7. What are your thoughts about the affordability of housing on Bainbridge Island? What policies or actions, if any, would you like to see our City implement to increase the inventory of affordable housing?

I will strongly champion the Goal #3 from the Housing Element of the Comp Plan – Promote and maintain a variety of housing types to meet the needs of present and future Bainbridge Island residents at all economic segments in a way that is compatible with the character of the Island and encourages more socio-economic diversity. Partner with community non-profit organizations and local and regional private and public entities ……

The recently created Affordable Housing Task Force is a good start and we should pay careful attention to how it proceeds. I don’t think there is any question that establishing truly affordable housing is badly needed and locating such housing in the city core makes the most sense. This is an area, however, where we have seemed to ignore the positive and workable programs other communities have established. Changing our codes to allow ADUs in neighborhoods with access to walkable job opportunities and shopping should be a priority. This has the added benefit of providing income to homeowners where additional income can make the difference in their ability to keep their homes. Our goal must not simply be to build new affordable housing on land that we have to clear. Affordable housing is needed within our existing neighborhoods too.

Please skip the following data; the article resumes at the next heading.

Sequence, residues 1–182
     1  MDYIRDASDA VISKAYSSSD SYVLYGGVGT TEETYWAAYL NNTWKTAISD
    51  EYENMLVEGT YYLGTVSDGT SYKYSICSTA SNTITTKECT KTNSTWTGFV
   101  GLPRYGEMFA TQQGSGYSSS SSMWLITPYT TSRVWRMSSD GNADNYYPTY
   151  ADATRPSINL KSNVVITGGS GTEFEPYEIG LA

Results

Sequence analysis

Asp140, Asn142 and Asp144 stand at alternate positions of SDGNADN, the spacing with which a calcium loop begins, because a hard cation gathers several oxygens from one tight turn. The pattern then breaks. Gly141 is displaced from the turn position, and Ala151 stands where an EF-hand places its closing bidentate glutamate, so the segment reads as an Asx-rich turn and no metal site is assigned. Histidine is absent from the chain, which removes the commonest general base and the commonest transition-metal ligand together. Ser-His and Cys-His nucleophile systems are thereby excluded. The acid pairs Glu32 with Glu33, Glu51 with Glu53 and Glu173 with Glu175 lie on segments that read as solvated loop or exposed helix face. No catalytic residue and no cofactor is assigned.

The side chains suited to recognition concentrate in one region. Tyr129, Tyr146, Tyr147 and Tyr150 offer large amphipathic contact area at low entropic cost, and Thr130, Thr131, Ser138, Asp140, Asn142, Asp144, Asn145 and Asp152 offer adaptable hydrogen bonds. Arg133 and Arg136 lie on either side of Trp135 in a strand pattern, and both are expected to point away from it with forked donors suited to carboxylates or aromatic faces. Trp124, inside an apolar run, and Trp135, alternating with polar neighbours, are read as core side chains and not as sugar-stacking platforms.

I am concerned that we make sure that the promise of affordable housing by developers not be used as an excuse for more density while providing few homes that anyone could reasonably deem affordable. Already the Affordable Housing Task force is looking at innovations in other communities to best incentivize builders to build high quality permanently affordable units in the mix.